A Bit of Bear Trivia...

Lewis described his first sighting of a grizzly bear in his journals in the early 1800s. The Lewis and Clark expedition made a reasonably accurate description of this mightiest of bears, and a specimen they brought back from their epic journey allowed George Ord in 1815 to give this species its scientific name, Ursus arctos horribilis Ord. But others have disagreed that it is a "turrible looking animal." When President Theodore Roosevelt and his hunting buddies once came upon an orphaned black bear cub, the President insisted on watching the playful antics for some time, and then adopted the bear, rescuing it from certain death. When the story leaked out, a toy maker got official White House permission to make a stuffed bear version with button eyes, and named it "Teddy," after the nickname of our 26th President.

"Teddy" Roosevelt is not the only one who enjoys this powerful predator. Each year tens of thousands of people flock to Denali National Park, McNeil River and Yellowstone hoping to get the chance to see the impressive bruins in their natural environments and with their primitive yet powerful ways of survival.

Bears are remarkable animals, and our human relationship with them extends back deep into our most ancient past. Archeological finds in Europe have found Neanderthals paying some sort of religious respect to the "beast that walks like man" as far back as 40,000 years ago. And our more modern ancestors, Cro Magnons, drew stunning color pictures of this fearsome predator on their cave walls, and practiced a form of bear trapping in the ancient caves of Europe both called home.

The bear is a most versatile creature. It can be found on every continent except Australia and Africa. A true omnivore, the bear's diet consists in just about anything, from roots, garbage and berries, to salmon and large animals such as moose. In Alaska, we have three distinct varieties of bears: the Brown (also called the "Grizzly"), the smaller black bear, and the largest land carnivore in the world, the Polar Bear, which can reach a weight of 1,500 pounds.

Most Americans know the most famous bear of all, Smokey. A family drive into any wooded area and it's hard to miss his animated smile, hat and warning to be careful about fire. But many don't know that Smokey was real. He was found as a frightened and singed cub up a tree after a forest fire in New Mexico. Adopted and cared for, he spent his years as one of the most visited animals in the National Zoo in Washington D.C., dying only a few years ago at an advanced age.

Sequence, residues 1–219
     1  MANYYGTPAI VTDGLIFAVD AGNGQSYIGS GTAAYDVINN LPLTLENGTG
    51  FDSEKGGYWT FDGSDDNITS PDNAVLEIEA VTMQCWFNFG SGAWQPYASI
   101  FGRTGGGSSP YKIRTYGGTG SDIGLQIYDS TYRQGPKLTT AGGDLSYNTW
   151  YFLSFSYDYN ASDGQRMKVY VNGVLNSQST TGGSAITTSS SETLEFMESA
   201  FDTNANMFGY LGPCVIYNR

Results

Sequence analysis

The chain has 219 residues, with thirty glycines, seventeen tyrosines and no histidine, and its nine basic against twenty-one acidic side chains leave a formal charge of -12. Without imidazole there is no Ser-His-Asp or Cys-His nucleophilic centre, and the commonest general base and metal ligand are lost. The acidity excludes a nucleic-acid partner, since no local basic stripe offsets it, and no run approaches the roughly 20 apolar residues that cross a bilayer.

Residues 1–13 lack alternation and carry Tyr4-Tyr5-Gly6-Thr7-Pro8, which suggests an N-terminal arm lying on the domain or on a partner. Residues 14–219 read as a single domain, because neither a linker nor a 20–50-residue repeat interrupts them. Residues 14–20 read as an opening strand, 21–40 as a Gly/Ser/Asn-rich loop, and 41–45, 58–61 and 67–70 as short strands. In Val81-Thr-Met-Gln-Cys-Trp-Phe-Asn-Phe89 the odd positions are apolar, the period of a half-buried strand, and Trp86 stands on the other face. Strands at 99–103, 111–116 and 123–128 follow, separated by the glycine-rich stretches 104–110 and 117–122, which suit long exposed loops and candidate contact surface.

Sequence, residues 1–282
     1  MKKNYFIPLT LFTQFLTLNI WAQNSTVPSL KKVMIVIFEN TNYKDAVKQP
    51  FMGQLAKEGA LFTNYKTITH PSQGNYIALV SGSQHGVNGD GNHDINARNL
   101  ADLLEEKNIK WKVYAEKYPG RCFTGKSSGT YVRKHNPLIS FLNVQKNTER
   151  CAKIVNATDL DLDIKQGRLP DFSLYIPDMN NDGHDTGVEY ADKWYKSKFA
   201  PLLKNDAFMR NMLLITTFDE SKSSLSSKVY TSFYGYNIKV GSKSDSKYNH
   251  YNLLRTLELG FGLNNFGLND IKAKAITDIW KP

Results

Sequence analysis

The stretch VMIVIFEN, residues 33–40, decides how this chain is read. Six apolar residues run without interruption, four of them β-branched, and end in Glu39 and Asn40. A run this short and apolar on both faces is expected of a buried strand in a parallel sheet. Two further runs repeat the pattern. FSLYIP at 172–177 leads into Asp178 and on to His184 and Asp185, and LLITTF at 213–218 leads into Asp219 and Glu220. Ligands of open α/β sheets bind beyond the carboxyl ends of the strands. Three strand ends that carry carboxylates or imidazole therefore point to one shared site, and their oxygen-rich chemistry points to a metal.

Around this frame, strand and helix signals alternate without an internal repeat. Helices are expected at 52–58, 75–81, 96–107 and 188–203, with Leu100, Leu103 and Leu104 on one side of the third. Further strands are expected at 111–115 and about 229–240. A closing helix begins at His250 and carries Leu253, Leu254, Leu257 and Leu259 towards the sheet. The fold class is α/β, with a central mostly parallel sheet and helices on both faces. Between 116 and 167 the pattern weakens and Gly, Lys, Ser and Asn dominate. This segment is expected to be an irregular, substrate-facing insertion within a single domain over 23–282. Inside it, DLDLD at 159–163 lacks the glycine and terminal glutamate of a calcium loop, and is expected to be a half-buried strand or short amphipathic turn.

But another famous bear, one most people have never heard about, was a two-year old female black bear. On March 21, 1962, she was taken aboard a B-58 bomber out of Edwards Air Force Base in California, flown up to 35,000 feet at a supersonic speed of 850 miles per hour, and ejected from the bomber in a specially made capsule. She landed safely, and became the first living creature to survive a parachute jump from a plane flying faster than sound.

A Brown Bear Joke

Ollie and Newton had been hiking all day with heavy packs across the wide open tundra. It was towards the end of the day when they saw a very large brown bear standing up on its hind feet about 300 meters away.

Knowing the ways of bears they both froze, daring not to move for fear of giving away their position. Both sensed the direction of the wind and realized their scent was carried directly towards the curious bruin. And at that moment they could see, even from such a great distance, the bear's nose tweak, sniffing those molecules that shouted "dinner."

Newton became worried, more so when the bear launched on all fours in their direction. As he reached for his rifle he watched as Ollie calmly sat down on the tundra, took off his pack, opened it and brought out a pair of brand new running shoes. As the bear rapidly approached, Ollie calmly put the shoes on.

"What are you doing," Newton yelled. "Don't you know you can't outrun a bear on attack!"

Ollie looked up just as he was finishing lacing his shoes. "Yea, I know. But you see, I don't have to outrun the bear. I just have to outrun you."

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